Favorite Quotes on Books and Reading

"A book is a gift you can open again and again." Garrison Keillor

Literature is a textually transmitted disease, normally contracted in childhood.” Jane Yolen

"It is what you read when you don't have to that determines what you will be when you can't help it." Oscar Wilde

"Books have furnished, burnished, and enabled my life." Julia Keller

Wednesday, November 30, 2011


Every now and then I receive a book recommendation that completely surprises me (in a good way). A Parchment of Leaves by Silas House is one such book. I belong to a local book group that meets at the Charleston Town Center Mall on the last Wednesday of each month in the Community Room at Panera Bread Company (if you're in the Kanawha County area please join us), and this was the book chosen for November. 

The story is set in eastern Kentucky during the early 1900s and centers on a young Cherokee woman and her experiences with her non-Cherokee husband and his family. Although there is racism evident against Cherokees, this is not the heart of this story. Vine is a beautiful young woman that becomes enamored with Saul Sullivan. Saul is just as entranced and in love with Vine and the two marry. Vine accompanies her husband to his family's land and leaves all that she has known behind.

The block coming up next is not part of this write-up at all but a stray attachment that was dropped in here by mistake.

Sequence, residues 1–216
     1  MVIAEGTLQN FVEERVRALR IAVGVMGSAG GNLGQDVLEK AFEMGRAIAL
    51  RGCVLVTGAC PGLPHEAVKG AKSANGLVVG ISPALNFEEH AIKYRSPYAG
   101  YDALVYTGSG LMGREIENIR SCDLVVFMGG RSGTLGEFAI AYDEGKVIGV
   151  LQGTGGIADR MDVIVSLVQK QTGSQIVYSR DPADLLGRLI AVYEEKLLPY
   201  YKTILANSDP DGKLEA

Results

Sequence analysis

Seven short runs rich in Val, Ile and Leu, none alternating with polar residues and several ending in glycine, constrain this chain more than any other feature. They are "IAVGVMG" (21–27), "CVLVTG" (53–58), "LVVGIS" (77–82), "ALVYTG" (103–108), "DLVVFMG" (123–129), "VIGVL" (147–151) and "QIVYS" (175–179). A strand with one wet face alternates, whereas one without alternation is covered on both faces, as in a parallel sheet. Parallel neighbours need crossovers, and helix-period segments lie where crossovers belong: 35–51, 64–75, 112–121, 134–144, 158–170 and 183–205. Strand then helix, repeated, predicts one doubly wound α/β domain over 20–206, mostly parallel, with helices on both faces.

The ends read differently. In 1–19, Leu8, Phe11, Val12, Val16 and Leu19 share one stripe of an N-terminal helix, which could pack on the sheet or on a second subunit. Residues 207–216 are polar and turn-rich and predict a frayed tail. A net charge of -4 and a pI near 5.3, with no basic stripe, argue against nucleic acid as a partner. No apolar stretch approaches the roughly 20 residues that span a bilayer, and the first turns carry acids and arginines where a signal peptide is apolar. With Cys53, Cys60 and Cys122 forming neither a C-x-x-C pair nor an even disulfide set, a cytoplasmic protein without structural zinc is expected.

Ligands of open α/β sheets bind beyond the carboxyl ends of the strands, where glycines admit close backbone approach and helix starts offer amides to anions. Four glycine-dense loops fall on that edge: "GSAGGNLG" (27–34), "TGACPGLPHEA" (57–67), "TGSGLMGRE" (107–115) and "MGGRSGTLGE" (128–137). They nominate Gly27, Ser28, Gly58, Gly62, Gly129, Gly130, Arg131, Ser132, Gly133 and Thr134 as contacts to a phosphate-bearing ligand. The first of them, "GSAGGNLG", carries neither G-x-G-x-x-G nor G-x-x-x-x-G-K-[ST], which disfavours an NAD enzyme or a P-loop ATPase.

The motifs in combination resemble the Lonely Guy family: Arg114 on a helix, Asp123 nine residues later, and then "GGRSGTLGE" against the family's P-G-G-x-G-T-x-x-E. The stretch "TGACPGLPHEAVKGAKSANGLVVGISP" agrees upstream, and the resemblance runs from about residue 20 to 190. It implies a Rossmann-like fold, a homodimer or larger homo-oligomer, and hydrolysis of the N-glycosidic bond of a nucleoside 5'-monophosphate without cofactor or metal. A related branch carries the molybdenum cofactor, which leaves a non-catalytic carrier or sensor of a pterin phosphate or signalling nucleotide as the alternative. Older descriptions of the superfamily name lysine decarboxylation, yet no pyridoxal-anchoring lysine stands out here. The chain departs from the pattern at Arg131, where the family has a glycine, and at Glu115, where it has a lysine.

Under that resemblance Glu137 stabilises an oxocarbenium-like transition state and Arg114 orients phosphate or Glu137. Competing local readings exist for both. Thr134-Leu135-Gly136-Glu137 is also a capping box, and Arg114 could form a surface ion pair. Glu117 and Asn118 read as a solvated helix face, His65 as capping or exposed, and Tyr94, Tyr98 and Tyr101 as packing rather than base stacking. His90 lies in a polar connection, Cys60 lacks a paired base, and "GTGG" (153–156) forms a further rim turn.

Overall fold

The life that Saul and Vine lead is not considered a hard-scrabble life, but they do have to work hard. They must build their own home, which they do with the assistance of neighbors and family. They grow most of the vegetables and must slaughter chickens and hogs for meat. Vine washes their clothes on rocks at the nearby creek and they obviously don't have indoor plumbing, running water or even electricity. Vine and Saul don't miss these things simply because they've never had them and it isn't expected. Saul works hard at the local mill and Vine works equally as hard keeping house. Eventually Vine gets pregnant and gives birth to a little girl they name Birdy.